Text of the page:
“It is difficult not to suspect,” Mike McNulty believes, “that these
Texans had the opinions and attitudes of their neighbors and fellow
townspeople on their minds. The jury in the Waco case was not
sequestered. Were the years of animosity between the townsfolk and the
religious residents of Mt. Carmel finally brought to closure?”

The jurors were all granted anonymity by the Judge Smith. And they
were allowed to sneak out the back door of the courthouse before the
verdict was read to the Davidians in the courtroom.

Mike McNulty has received recognition outside the relatively small
band of Americans who have come to care deeply about Waco and the
ominous trends in government power it represents. His films have been
recognized with an Academy Award nomination, the International
Documentary Association’s film of the year award and a National Emmy
for “Best Investigative Journalism.” It was his request for access to
material stored in warehouses that caused the Texas Rangers to turn it
over to Judge Smith, which pushed the judge to reopen certain questions
in the case.

His view on how Judge Smith conducted the case deserves some weight.
And it isn’t a complimentary view.

“The government presented its case that the Davidians killed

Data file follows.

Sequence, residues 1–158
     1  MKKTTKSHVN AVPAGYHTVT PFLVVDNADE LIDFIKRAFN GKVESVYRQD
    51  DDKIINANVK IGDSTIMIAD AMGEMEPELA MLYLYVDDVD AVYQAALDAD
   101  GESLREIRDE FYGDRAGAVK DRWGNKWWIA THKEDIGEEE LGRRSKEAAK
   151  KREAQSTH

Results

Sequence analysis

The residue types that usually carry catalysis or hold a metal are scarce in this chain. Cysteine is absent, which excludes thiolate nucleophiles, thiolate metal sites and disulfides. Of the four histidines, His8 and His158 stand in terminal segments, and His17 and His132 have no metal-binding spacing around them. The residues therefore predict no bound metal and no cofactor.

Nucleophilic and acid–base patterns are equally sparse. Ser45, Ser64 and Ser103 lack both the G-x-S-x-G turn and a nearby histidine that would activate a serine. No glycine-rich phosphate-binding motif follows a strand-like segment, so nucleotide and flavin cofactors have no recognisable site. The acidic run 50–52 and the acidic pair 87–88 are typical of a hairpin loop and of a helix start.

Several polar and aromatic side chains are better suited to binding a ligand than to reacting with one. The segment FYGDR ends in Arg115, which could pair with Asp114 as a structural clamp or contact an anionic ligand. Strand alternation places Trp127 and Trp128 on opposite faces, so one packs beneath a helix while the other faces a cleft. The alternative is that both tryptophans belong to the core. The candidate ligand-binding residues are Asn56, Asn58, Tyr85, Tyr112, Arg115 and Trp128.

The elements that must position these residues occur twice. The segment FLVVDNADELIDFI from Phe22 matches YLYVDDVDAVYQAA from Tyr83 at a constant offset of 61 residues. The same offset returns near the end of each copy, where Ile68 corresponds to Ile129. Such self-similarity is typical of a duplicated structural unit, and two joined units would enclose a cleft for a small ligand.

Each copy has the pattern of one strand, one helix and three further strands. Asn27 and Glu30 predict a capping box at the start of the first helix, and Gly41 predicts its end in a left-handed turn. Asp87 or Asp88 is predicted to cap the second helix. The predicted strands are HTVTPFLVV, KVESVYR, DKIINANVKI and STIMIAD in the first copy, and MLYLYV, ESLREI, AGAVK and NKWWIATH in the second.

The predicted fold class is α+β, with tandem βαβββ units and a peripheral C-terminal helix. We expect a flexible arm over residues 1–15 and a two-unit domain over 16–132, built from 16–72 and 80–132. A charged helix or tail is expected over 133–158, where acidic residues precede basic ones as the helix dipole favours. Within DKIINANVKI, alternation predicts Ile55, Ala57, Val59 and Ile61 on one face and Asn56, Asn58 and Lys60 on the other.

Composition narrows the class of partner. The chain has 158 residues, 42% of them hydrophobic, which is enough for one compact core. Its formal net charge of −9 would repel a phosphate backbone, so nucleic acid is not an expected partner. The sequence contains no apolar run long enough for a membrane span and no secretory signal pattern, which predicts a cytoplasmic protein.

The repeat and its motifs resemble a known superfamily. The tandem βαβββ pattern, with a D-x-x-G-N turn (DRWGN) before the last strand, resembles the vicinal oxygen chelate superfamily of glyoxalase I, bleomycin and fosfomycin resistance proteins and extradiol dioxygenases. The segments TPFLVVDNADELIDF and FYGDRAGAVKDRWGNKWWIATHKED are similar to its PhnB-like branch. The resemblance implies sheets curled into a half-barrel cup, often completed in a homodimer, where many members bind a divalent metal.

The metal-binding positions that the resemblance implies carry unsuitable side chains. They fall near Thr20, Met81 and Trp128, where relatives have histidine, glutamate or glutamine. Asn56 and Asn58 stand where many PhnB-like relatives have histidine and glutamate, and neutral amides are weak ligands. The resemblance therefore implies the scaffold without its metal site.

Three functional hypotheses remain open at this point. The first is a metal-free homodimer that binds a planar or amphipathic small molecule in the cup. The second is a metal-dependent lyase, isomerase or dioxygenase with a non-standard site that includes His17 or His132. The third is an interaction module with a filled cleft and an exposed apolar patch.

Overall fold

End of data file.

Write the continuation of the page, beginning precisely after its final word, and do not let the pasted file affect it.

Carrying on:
themselves by gunfire and by setting the conflagration that consumed the
compound,” he told me. The Davidian attorneys could have presented
shocking visual evidence that shows the FBI were the ones that set the
fire and that they also held the men, women and small children inside
the burning building with long bursts of automatic weapons fire. That
and other material evidencing the FBI’s criminal behavior at Mt. Carmel
was not allowed to be shown to the jury because the judge thought the
jurors not competent (that reads ‘too stupid’) to understand the
technical aspects of the evidence.

“The evidence the jury was not allowed to consider or even to see is
same evidence that hundreds of thousands of other citizens have been
able to clearly perceive in our documentary films — that the government
agents had a criminal role in the events surrounding the Davidians’
deaths. The judge withheld the critical evidence calling into serious
question and in my view refuting the government’s dubious tale from the
jury. They were left with only the government’s version of the story.

“This strange conception of fairness and justice repeated itself over
and over again during the course of the jury portion of the trial. So
did the Davidians get a fair trial? Well, what do you think?”

I don’t think they did. For a while I entertained the hope that the
trial would help to make public virtually all of the information
available about the siege of the Branch Davidians so that citizens would
at least have sufficient information to make independent judgments if
they were so inclined. I even managed to hope that this would begin a
process of “closure,” to use a trendy word, in that Americans would be
able to come to terms with this frightening incident
on the basis of reliable information rather than speculation and
prejudice.

Because of the way Judge Smith conducted the trial, that is unlikely.
Unfortunately, the verdict, combined with the way the trial was
conducted, is more likely to inflame passions than to cool them. More
and more Americans are likely to fear that if the Davidians were not
safe from government extremism, none of us are.